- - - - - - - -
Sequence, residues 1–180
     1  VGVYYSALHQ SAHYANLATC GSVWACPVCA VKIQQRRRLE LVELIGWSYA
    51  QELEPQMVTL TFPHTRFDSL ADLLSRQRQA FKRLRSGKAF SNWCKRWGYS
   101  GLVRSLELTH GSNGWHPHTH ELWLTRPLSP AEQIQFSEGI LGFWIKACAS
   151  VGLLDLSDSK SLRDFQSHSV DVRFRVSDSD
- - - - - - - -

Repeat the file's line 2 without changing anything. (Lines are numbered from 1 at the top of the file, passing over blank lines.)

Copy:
     1  VGVYYSALHQ SAHYANLATC GSVWACPVCA VKIQQRRRLE LVELIGWSYA